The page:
Do not be quick to judge Chinese medicine, scholar says

A researcher specializing in Chinese medicine has called on the public not to judge the effectiveness of Chinese medicine before learning about the subject.

Yesterday, the State Key Laboratory of Quality Research in Traditional Chinese Medicine held its fourth meeting of the Second Academic Committee. On the sidelines of the meeting, associate professor Wang Chunming shared the laboratory’s recent achievements and offered some comments on Chinese medicine.

Talking from the perspective of a scholar, Wang indicated that for those with doubts or preconceived notions about Chinese medicine, they must approach it with evidential support. Having first been trained in chemistry research, Wang later directed his efforts to Chinese medicine research. He has discovered “beautiful findings” from the field.

“That means that we should focus on evidence,” Wang voiced. “As a scholar, I would suggest that we should not be too quick to judge. We should try to understand something.”

In Wang’s opinion, there is “no modern medicine or traditional medicine,” only different ways of understanding the world.

The scholar also believes that there is stronger and clearer evidence to suggest that Chinese medicine is “very important” to the world.

In 2019, the State Key Lab achieved scientific publications and technology transfer.

Commenting on the laboratory, Wang said that it has gathered researchers from across the world.

“We are the first lab across the two universities,” said Wang, referring to the Macau University of Science and Technology and the University of Macau. According to Wang, this has meant ample resources and an excellent research output in Chinese medicine research.

Since its establishment in January 2011, the laboratory has been bringing together Macau experts in Chinese medicine to contribute to the lab. Being the first State Key Laboratory in Chinese medicine and the first of its kind in Macau, the laboratory enjoys the advantage of the unique position Macau offers as a bridge from China to the world, according to Wang.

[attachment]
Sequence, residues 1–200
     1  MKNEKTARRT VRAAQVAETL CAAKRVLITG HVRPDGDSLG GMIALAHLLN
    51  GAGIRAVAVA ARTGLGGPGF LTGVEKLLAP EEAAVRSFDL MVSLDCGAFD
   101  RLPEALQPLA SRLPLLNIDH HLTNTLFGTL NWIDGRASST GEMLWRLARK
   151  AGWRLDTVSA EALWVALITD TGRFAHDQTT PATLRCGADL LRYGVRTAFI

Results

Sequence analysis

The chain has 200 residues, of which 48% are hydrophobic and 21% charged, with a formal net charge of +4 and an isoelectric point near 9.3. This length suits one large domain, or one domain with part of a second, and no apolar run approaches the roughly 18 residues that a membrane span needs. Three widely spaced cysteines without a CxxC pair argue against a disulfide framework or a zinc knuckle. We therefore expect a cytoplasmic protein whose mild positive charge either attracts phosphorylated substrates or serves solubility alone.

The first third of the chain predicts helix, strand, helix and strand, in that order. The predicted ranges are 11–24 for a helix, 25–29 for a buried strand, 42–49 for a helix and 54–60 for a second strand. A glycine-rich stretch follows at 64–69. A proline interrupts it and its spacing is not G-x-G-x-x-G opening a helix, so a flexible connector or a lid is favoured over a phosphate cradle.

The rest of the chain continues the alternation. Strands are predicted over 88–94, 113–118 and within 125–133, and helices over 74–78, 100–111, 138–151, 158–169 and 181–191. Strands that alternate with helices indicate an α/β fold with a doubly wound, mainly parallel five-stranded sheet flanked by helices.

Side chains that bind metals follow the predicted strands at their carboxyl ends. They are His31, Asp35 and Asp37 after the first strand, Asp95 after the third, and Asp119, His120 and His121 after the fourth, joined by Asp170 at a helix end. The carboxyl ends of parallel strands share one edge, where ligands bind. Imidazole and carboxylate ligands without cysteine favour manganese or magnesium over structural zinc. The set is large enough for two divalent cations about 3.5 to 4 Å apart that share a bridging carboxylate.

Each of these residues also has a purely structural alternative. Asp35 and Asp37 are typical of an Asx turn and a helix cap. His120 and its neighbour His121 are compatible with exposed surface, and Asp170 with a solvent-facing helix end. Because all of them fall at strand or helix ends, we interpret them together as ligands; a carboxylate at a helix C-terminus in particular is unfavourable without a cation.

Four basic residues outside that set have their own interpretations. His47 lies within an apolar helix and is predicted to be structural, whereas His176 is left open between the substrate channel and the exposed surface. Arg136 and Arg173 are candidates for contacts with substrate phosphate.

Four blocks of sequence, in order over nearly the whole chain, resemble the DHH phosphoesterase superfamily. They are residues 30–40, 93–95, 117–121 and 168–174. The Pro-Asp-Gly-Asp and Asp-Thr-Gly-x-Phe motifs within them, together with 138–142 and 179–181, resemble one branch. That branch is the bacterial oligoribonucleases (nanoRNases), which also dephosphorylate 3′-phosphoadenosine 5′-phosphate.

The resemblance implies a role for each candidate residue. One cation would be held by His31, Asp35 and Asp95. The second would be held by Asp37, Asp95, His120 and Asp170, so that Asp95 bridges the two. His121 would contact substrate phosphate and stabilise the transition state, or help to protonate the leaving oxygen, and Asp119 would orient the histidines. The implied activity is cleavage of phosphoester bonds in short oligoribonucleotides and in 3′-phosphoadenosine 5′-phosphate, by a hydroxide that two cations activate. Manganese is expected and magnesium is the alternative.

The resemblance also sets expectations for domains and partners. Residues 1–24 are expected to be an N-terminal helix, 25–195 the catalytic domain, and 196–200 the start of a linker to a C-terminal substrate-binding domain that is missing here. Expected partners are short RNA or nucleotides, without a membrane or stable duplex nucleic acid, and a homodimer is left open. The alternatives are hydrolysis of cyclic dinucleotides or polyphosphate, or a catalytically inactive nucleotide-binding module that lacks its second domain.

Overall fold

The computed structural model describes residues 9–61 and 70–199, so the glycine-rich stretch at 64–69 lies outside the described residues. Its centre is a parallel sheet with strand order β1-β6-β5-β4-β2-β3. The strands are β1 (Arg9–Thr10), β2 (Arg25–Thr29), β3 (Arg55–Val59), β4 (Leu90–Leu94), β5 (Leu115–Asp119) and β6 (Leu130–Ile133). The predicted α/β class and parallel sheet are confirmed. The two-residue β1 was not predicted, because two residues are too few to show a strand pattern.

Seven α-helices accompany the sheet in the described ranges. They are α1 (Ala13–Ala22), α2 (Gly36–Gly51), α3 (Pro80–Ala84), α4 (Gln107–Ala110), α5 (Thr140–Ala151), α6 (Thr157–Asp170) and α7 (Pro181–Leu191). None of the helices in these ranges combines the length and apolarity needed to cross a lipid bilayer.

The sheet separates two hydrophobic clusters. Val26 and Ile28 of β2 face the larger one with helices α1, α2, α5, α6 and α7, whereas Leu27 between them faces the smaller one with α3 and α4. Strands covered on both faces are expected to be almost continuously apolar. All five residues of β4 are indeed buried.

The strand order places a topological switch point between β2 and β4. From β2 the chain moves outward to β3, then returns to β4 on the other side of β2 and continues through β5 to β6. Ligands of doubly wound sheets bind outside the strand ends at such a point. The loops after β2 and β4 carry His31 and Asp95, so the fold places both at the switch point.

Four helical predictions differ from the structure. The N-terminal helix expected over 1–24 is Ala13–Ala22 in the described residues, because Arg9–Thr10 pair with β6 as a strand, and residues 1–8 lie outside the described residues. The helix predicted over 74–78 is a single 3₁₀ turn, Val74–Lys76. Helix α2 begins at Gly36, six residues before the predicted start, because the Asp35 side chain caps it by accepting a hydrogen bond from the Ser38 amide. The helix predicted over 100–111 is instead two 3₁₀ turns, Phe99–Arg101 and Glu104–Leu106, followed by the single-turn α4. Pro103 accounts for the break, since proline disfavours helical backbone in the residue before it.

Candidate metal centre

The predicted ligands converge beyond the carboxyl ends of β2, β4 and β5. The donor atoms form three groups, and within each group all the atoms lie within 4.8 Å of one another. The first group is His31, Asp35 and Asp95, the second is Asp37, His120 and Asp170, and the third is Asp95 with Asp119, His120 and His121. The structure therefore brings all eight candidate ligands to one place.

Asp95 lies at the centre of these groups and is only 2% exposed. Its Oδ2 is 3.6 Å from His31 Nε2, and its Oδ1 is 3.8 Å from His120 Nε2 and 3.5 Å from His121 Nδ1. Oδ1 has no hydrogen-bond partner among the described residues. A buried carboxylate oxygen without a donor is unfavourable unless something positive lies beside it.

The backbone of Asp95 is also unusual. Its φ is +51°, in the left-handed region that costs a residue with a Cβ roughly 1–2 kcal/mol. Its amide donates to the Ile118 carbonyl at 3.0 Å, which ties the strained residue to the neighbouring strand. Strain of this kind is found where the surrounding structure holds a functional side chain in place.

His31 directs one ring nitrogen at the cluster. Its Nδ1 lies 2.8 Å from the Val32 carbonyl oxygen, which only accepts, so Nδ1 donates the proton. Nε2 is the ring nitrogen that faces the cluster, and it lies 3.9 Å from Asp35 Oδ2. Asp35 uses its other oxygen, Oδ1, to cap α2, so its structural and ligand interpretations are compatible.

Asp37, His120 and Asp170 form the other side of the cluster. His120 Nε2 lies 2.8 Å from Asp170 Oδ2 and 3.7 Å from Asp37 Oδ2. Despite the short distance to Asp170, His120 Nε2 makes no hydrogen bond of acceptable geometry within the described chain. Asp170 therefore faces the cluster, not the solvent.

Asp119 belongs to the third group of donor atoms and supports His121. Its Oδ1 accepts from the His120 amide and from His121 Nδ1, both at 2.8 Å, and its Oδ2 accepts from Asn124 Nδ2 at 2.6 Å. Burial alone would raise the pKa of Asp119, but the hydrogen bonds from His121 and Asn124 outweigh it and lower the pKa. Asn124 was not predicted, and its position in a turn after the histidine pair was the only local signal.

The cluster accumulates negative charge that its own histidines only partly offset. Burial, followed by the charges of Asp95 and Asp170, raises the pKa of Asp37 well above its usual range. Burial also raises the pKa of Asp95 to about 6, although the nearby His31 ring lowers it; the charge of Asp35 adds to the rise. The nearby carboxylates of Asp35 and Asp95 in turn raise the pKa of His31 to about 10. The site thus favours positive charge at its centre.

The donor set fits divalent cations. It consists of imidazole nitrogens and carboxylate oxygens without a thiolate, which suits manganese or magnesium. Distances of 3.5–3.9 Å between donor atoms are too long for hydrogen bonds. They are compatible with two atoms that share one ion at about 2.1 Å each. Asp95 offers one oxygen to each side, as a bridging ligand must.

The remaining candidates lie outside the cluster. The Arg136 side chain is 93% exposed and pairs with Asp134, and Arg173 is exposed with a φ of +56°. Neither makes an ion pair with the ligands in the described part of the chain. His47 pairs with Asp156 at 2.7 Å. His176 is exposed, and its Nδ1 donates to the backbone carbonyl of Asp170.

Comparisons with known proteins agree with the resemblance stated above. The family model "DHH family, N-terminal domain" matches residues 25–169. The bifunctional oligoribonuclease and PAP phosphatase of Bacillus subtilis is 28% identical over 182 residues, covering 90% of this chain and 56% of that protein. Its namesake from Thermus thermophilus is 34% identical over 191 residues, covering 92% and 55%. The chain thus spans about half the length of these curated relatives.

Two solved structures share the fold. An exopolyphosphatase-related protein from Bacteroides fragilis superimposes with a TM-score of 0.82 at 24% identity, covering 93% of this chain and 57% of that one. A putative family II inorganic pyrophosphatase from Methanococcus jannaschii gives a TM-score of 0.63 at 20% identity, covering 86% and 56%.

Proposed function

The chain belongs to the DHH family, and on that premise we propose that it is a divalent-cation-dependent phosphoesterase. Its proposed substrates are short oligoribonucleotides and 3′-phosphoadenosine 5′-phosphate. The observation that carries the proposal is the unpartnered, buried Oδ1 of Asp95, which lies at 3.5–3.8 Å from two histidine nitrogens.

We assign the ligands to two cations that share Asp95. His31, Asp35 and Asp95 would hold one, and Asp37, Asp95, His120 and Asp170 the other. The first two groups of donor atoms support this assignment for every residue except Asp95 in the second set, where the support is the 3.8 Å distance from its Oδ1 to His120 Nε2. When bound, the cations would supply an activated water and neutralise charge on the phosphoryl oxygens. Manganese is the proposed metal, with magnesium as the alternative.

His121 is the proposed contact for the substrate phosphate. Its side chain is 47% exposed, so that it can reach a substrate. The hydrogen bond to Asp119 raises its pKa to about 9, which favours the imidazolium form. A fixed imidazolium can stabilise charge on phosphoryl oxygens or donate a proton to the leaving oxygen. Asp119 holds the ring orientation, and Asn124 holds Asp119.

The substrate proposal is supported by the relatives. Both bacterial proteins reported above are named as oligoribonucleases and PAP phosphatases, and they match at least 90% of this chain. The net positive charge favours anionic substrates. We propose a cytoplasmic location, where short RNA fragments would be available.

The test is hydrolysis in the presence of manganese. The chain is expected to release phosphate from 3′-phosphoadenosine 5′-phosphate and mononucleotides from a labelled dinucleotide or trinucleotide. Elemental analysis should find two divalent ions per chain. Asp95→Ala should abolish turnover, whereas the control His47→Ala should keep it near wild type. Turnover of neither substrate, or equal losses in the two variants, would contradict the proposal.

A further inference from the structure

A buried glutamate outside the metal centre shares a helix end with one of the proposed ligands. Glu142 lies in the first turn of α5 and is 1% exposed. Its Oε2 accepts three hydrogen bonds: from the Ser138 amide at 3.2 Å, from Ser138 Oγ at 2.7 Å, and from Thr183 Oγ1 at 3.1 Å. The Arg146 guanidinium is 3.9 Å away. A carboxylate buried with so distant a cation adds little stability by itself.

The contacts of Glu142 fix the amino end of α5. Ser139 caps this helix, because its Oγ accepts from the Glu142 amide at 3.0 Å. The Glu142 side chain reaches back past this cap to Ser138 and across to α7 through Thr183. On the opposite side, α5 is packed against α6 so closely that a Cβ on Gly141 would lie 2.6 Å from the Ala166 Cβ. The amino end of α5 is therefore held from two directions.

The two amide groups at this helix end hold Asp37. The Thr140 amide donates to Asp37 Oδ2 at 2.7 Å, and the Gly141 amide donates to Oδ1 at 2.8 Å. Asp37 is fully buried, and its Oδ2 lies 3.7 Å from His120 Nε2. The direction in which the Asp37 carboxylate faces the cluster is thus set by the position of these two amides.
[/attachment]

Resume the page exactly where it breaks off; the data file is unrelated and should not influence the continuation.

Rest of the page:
Talking about the laboratory’s future development, Wang hopes that it can take advantage of Macau’s unique position to work as an innovative laboratory. The laboratory is also expected to contribute to Macau’s economic diversification, as both the local government and the central government require Macau to be involved in technological innovation.

Wang, who is also the Programme Director at the laboratory, remarked that “if there are ways that universities, hospitals, government and companies can find to cooperate [in terms of Chinese medicine], it would be very exciting.”

Cheang Kun Wai, member of the Administrative Committee of the Science and Technology Development Fund (FDCT) said during the meeting that, within 15 years, the FDCT has granted a total of 1.4 billion patacas to academic research institutions. Chinese medicine and medical biotechnology are two of the most important fields for FDCT sponsors.

Cheang also remarked that the FDCT will continue to support Macau local research organizations and medicine companies to work with the Hengqin Chinese medicine technology industrial park.

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